Independence is priceless, but price of "Unaffiliated" is enormous

Merlin Klotz

You're an “Independent” (officially, you are “Unaffiliated”), proud, free, and unencumbered by party affiliation. In November, as a practical matter, any Coloradoan is free to vote for "the man" instead of the party. Even as a party-active Republican, I’ll admit to voting for H. Ross Perot and a few Democrats over the years. But don't revel to quickly in your undeclared status; the price of having the brag of “Independent” is enormous.

Your political indecision is no different than the person who always goes to the restaurant just before closing time when there will only be two entrées left because, by default, the choice is simplified. Sadly, by brandishing your independence, you actually lose some of it. You precluded yourself from voting in all but the November General Election--after the candidates are chosen for you. I hope, come November, you aren’t the one complaining about those bums on the ballot!

While you’re flaunting a mirage of “Independence,” your neighbor who has chosen a party affiliation has established the right to participate in the entire process and has true independence. With party affiliation, that neighbor is eligible to participate in your March 16th neighborhood precinct caucus. He or she is eligible to run for county and state party conventions and participate in selecting the best candidates. Eligibility to vote in the August 12th Primary where the party’s final candidates are selected for the November Ballot also is restricted to party membership.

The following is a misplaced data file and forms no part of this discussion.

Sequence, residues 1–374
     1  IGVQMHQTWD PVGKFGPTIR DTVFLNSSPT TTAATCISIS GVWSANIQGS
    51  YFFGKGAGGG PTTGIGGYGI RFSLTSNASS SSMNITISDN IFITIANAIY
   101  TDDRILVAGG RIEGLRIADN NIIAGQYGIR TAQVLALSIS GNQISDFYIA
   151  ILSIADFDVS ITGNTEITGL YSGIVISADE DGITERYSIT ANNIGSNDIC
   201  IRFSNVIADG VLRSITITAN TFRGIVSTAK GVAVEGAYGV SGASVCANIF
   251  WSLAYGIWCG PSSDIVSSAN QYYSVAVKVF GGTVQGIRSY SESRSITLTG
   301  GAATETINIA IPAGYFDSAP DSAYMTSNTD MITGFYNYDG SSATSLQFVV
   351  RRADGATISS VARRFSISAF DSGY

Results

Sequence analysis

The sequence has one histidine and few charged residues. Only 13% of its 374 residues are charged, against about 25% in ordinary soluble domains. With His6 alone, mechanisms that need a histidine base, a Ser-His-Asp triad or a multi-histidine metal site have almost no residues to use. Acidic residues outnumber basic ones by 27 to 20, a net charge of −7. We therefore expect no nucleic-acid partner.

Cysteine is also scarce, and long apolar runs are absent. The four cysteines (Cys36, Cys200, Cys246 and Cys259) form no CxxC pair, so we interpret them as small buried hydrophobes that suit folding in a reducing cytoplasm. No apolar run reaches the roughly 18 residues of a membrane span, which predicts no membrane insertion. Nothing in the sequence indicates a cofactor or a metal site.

As an “Undeclared,” registered voter, you have self eliminated yourself from caucuses and the right to be a delegate to and vote in County and State conventions. If you haven’t already registered your party affiliation, I’m sorry. That party election had to be made by January 19th to be fully involved from the outset. If you didn’t, you have disenfranchised yourself!

Look at it this way. Your first opportunity to vote was checking off the party with which you affiliate yourself as you registered to vote. If you checked “Unaffiliated”, you immediately elected to go with whichever bums those organized parties, that can nominate, will choose.

My wife’s rationalization for being “Unaffiliated” was that she didn’t want all those political phone calls. Let me share a little insider secret. Democrats phone banks call the “D” and “U” lists. Republicans phone banks call the “R” and “U” lists. Mrs. “Unaffiliated" unwittingly set herself up for twice as many robo calls as she would have received with a party affiliation.

You still have time to declare your party and participate in the August Primary by executing a form found at . Certainly, I encourage you to affiliate with my party. But, if you must, there are those others.

© Merlin Klotz, February 2010

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